We also felt it was necessary to commission widely in order to offer some degree of breadth and depth to the analysis of class, and to reflect the difficulties of a single conception, whether in terms of theoretical line, analytical focus, level of abstraction, or area of life considered. If, as we believe, class pertains to (in Gramsci’s words on history in one of the final letters to his son) to “everything that concerns people”,1 then a serious treatment of it will necessarily be extensive and will exceed any single perspective. Even given the range of the work we have commissioned, there remain limits and lacunae. Some of these will be explored in my contextualising essay; others, we may not yet be aware of. As ever, we invite and encourage critical, generative responses from our readers: your perspectives are invaluable, not only to New Socialist, but to the left as a whole, if it is to have any future.

But commissioning the work is never the end of the story. While some of our writers are academics or professional authors, and are capable of producing articles and essays quickly, many others have different backgrounds, and a range of pressures on their writing and thinking time. Moreover, even the most seasoned writer requires an editor. We have always been committed to a process of extensive editing and working with writers to develop their pieces, we’ve always viewed editing as part of a process of political education on our side and the writer’s side, a process of clarification and development, and helping writers write their best possible piece.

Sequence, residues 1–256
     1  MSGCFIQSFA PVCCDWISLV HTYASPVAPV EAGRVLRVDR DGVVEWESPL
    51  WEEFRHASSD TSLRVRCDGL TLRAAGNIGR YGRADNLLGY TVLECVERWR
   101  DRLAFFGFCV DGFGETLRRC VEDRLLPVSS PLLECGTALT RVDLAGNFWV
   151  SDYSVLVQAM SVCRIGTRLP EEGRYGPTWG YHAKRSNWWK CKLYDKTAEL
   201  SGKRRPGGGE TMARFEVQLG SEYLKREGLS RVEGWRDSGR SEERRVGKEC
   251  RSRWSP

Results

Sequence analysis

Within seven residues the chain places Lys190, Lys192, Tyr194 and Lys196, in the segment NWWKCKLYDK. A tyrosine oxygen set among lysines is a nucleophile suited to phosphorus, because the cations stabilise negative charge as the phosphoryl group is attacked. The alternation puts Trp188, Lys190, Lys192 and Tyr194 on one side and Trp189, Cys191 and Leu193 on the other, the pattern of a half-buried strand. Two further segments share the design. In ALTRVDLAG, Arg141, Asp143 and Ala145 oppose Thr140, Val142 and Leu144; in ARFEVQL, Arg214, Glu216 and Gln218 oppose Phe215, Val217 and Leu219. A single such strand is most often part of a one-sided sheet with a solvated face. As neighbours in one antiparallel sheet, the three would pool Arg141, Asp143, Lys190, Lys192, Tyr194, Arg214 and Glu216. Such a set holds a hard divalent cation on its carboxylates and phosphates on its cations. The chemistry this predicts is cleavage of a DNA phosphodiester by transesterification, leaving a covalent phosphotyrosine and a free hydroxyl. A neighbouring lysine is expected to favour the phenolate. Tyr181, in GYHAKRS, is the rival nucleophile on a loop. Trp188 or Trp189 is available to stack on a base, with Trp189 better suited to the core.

All of this, of course, takes time. We made our commissioning decisions at a point where we were optimistic – in retrospect, over-optimistic – about our editorial capacities. This is not the first time this has happened, but it is the time when the gap between our hopes and our actual capacities has been the greatest, and the effects of that gap most difficult. The work it has taken to get this edition ready – not just editing, but other work, too, particularly on the website – has been beyond what our editors who do get paid are paid for. This has meant that we have, once again, been reliant on unpaid work from both those editors, as well as the rest of our editorial group. This is – if it’s a question of exploitation at all – a question of self-exploitation; but even self-exploitation has its limits, tends towards exhaustion. As long-time readers will know, this need for considerable unpaid work is not new, but this year it has taken place in a context where illness, family commitments, and the necessity of earning enough money to live have sharply diminished our ability to do it.